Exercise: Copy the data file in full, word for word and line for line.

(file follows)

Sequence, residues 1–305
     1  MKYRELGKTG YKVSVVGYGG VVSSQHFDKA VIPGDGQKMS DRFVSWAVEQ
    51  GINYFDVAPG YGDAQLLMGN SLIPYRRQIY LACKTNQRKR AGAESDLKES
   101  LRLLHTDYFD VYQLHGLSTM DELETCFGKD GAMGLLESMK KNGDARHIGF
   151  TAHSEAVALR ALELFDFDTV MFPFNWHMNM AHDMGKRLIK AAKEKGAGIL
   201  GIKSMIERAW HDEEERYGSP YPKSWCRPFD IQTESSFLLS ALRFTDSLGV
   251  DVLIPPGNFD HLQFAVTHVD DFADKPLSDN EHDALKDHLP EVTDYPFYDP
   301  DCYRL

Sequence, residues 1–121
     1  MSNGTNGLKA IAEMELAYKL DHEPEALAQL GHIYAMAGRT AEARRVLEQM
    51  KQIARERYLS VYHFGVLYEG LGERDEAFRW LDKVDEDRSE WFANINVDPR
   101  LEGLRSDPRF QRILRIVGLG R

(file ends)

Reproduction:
Sequence, residues 1–305
     1  MKYRELGKTG YKVSVVGYGG VVSSQHFDKA VIPGDGQKMS DRFVSWAVEQ
    51  GINYFDVAPG YGDAQLLMGN SLIPYRRQIY LACKTNQRKR AGAESDLKES
   101  LRLLHTDYFD VYQLHGLSTM DELETCFGKD GAMGLLESMK KNGDARHIGF
   151  TAHSEAVALR ALELFDFDTV MFPFNWHMNM AHDMGKRLIK AAKEKGAGIL
   201  GIKSMIERAW HDEEERYGSP YPKSWCRPFD IQTESSFLLS ALRFTDSLGV
   251  DVLIPPGNFD HLQFAVTHVD DFADKPLSDN EHDALKDHLP EVTDYPFYDP
   301  DCYRL

Sequence, residues 1–121
     1  MSNGTNGLKA IAEMELAYKL DHEPEALAQL GHIYAMAGRT AEARRVLEQM
    51  KQIARERYLS VYHFGVLYEG LGERDEAFRW LDKVDEDRSE WFANINVDPR
   101  LEGLRSDPRF QRILRIVGLG R